- The Sunsphere – An icon of the 1982 World’s Fair (the next to last World’s Fair to be held in the United States), the Sunsphere is a towering structure at the edge of the downtown district. You can ride an elevator up about a hundred feet to a circular observation deck, or go up another floor to the Icon Ultra Lounge for a drink with a stunning view of the city.
- Red Panda Capital of the World – More red pandas are bred each year at the Knoxville Zoo than any other zoo in the world. About every fourteen months these newborn red pandas are delivered to zoos across the country for your viewing pleasure. You can also view the families of red pandas a the zoo, where they really thrive and enjoy the cooler winter months. Read: Trading an Urban Jungle for an African Safari at the Knoxville Zoo
- The Marble City – Knoxville was home to a thriving granite industry at one point in time, shipping large slabs across the country for use in mansions, monuments, statues, and art pieces. Today you can visit an overlook to view one of those former granite production sites. You’ll also see this name used frequently for businesses in the region.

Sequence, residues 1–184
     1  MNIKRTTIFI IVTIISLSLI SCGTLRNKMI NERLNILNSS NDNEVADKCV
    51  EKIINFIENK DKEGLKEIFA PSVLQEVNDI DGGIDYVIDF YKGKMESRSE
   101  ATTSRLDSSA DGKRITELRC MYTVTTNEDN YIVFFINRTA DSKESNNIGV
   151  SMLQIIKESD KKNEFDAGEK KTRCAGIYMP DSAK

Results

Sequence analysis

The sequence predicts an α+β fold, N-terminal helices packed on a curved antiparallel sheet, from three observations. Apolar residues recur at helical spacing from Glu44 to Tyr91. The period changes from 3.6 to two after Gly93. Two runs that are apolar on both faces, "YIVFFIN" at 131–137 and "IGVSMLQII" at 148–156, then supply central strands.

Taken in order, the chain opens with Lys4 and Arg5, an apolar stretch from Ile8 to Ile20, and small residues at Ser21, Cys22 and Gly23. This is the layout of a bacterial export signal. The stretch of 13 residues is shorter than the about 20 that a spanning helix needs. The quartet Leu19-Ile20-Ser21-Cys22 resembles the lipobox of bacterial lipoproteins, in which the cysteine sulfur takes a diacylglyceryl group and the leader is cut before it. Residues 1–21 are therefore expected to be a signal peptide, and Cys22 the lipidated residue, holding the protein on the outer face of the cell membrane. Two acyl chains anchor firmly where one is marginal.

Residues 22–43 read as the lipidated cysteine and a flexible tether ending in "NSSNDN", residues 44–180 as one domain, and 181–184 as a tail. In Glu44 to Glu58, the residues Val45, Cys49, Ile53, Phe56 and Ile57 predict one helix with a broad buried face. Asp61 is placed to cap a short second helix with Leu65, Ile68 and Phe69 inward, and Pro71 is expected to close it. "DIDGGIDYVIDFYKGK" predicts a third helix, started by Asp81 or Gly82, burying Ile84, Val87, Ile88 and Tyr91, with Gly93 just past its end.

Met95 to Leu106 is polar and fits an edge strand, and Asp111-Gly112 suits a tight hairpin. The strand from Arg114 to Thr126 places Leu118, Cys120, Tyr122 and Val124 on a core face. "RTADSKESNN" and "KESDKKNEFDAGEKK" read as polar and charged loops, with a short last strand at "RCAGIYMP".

- Home of Johnny Knoxville and Kenny Chesney – It never occurred to me until the moment I heard his name: Johnny Knoxville chose that stage name because of his hometown. Now that I know it, I’ll never forget it.
- Women’s Basketball Hall of Fame – The Women’s Basketball Hall of Fame is the only hall of fame in the world dedicated to women’s basketball. It is also home to the World’s Largest Basketball, though it’s not a real basketball. A gigantic faux basketball sits atop one end of the hall of fame and lights up beautifully at night.
- Home of Mtn. Dew – At first I doubted this one because as a child growing up near Marion, Virginia, I remembered passing a sign almost every day that said “Welcome to Marion. Home of Mtn. Dew.” But that’s when I discovered the caffeine-loaded soda was actually invented in Knoxville, and Marion was one of the marketing test sites in the 80’s and 90’s.
- World’s Largest Rubik’s Cube – Well, it’s not an actual, functional Rubik’s Cube. I found this icon in the lobby of my hotel, the Holiday Inn Knoxville Downtown. It sits back in a corner near the gift shop, and it is rather large at about 8′ long on all edges, but it’s just a sculpture of the popular puzzle cube.
5. Kitchy Neighborhoods Abound in All Directions
Knoxville has neighborhoods like a patchwork quilt: they all look different, but fit together into one unit. This is one of the only cities I’ve ever visited that has a North, East, West, and South neighborhood named after the parent city. But it also has loads of smaller suburbs, communities, and neighborhoods with lots of unique flare and offerings for visitors.